Relationship Between Gastroesophageal Reflux Disease and COPD in UK Primary Care

Luis A. García Rodríguez, MD; Ana Ruigómez, MD, PhD; Elisa Martín-Merino, BPharm; Saga Johansson, MD, PhD; and Mari-Ann Wallander, PhD


CHEST. 2008;134(6):1123-1230. 

In This Article

Abstract and Introduction


Background: Gastroesophageal reflux symptoms may be more common in patients with COPD than in control subjects. The aim of this study was to investigate the relationship between diagnoses of COPD and gastroesophageal reflux disease (GERD) in primary care.
Methods: We used the UK General Practice Research Database to identify a cohort of patients with a first diagnosis of GERD (n = 4,391) and another cohort of patients with a first diagnosis of COPD (n = 1,628) during 1996, which we compared with age-matched and sex-matched comparison cohorts without either diagnosis. We calculated the incidence of a GERD diagnosis among the patients with COPD and control subjects, and of a COPD diagnosis among the patients with GERD and control subjects. We also calculated the relative risk (RR) estimates of these diagnoses using the Mantel-Haenszel test. Risks associated with medication use, comorbidities, and demographic and lifestyle factors were examined using a nested case-control analysis.
Results: During the 5-year follow-up, the RR of an incident COPD diagnosis in patients with a diagnosis of GERD was 1.17 (95% confidence interval [CI], 0.91 to 1.49), while the RR of an incident GERD diagnosis among patients with a diagnosis of COPD was 1.46 (95% CI, 1.19 to 1.78). A COPD diagnosis was associated with current or former smoking, prior diagnosis of asthma, or the use of asthma medication. A GERD diagnosis was associated with a prior diagnosis of ischemic heart disease.
Conclusions: Patients with a diagnosis of COPD are at a significantly increased risk of a diagnosis of GERD compared with individuals with no COPD diagnosis.

Abstract and Introduction


Gastroesophageal reflux disease (GERD) is a common GI disease that has recently been defined, by the Montréal definition, as "a condition which develops when the reflux of stomach contents causes troublesome symptoms and/or complications."[1] The Montréal definition identified a number of extraesophageal syndromes that are associated with GERD. These include reflux cough and reflux asthma syndromes.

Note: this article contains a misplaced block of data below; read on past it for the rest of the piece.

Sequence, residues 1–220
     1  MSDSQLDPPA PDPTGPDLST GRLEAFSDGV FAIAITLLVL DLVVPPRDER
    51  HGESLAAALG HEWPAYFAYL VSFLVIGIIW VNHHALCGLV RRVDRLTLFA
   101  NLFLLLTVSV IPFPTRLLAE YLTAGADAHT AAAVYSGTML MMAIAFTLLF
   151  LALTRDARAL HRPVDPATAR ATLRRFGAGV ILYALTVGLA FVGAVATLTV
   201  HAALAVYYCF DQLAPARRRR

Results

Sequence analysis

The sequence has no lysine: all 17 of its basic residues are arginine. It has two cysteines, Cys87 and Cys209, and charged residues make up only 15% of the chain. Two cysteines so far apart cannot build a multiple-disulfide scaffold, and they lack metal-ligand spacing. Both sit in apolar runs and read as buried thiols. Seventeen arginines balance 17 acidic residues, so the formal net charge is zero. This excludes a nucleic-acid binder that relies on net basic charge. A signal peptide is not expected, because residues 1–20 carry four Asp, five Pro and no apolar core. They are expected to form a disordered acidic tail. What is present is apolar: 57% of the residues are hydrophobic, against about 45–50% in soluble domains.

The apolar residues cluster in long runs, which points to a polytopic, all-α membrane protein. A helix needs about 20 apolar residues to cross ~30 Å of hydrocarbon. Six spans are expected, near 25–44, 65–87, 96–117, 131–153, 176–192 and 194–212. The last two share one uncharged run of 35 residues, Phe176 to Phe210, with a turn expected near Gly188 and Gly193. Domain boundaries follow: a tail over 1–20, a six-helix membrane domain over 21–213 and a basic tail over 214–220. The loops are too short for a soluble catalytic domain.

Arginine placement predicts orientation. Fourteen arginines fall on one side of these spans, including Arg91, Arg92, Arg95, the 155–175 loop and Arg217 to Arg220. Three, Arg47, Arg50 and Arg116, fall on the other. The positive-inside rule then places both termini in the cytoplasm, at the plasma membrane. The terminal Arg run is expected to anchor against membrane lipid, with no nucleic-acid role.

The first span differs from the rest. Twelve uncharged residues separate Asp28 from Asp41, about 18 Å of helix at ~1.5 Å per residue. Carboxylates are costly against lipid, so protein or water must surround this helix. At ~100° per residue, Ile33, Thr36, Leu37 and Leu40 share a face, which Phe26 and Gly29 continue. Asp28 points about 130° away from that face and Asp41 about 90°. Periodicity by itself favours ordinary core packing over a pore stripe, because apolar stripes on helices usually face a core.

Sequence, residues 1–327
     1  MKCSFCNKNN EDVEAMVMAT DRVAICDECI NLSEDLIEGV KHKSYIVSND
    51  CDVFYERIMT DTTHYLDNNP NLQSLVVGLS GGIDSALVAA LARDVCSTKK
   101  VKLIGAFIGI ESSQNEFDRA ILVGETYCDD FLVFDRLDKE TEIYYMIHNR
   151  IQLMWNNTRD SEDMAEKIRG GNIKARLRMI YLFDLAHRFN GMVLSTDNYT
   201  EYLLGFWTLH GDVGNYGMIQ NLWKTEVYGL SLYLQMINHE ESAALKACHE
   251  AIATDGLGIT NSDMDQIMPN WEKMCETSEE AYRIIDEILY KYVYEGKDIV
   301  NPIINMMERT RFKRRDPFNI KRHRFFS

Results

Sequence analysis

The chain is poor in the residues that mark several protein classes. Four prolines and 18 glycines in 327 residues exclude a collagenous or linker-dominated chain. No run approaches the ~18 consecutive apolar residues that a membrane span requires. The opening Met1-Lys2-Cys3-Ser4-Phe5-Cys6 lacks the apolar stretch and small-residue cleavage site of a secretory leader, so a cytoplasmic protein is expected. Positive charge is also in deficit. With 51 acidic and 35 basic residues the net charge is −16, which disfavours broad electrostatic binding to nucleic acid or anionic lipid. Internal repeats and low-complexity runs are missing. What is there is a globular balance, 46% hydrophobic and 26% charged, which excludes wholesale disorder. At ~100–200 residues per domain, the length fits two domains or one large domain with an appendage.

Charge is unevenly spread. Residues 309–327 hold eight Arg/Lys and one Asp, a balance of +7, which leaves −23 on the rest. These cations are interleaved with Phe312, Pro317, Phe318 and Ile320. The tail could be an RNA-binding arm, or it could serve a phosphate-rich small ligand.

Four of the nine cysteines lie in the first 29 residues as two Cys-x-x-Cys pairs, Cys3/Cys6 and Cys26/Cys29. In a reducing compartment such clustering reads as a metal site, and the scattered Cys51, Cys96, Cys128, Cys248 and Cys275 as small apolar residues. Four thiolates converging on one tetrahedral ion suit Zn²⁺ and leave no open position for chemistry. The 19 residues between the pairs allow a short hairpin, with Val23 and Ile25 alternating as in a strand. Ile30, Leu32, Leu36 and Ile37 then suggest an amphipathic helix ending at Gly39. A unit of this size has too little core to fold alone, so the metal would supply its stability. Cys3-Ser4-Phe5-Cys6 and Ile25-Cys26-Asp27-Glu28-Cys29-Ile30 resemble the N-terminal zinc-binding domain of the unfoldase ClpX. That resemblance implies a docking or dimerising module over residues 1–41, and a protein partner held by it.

Several small studies[2,3,4] have also suggested that gastroesophageal reflux symptoms are more common in patients with COPD than in those without the condition. COPD is characterized by airflow limitation that is not fully reversible by β2-agonist agents.[5] This airflow limitation is typically progressive and is associated with an abnormal inflammatory response in the lungs.[6] Patients with COPD experience acute exacerbations of the disease, which are a major cause of morbidity and mortality. These are characterized by the presence of worsening dyspnea, increased sputum production, and the development of purulent sputum.[7]

It has also been suggested that an increase in the frequency of COPD exacerbations can be associated with the presence of GERD.[8,9] However, little is known about the temporal relationship between the two diseases. We have previously shown that a diagnosis of COPD is associated with an increased likelihood of a subsequent diagnosis of GERD,[10] but the reverse relationship has not been investigated.

In the current study, we sought to explore further the relationship between COPD and GERD that are diagnosed in the primary care setting, and to identify patient characteristics that are associated with diagnoses of these two diseases. We conducted two longitudinal cohort studies to investigate this relationship in UK primary care using the General Practice Research Database (GPRD).


Comments on Medscape are moderated and should be professional in tone and on topic. You must declare any conflicts of interest related to your comments and responses. Please see our Commenting Guide for further information. We reserve the right to remove posts at our sole discretion.
Post as: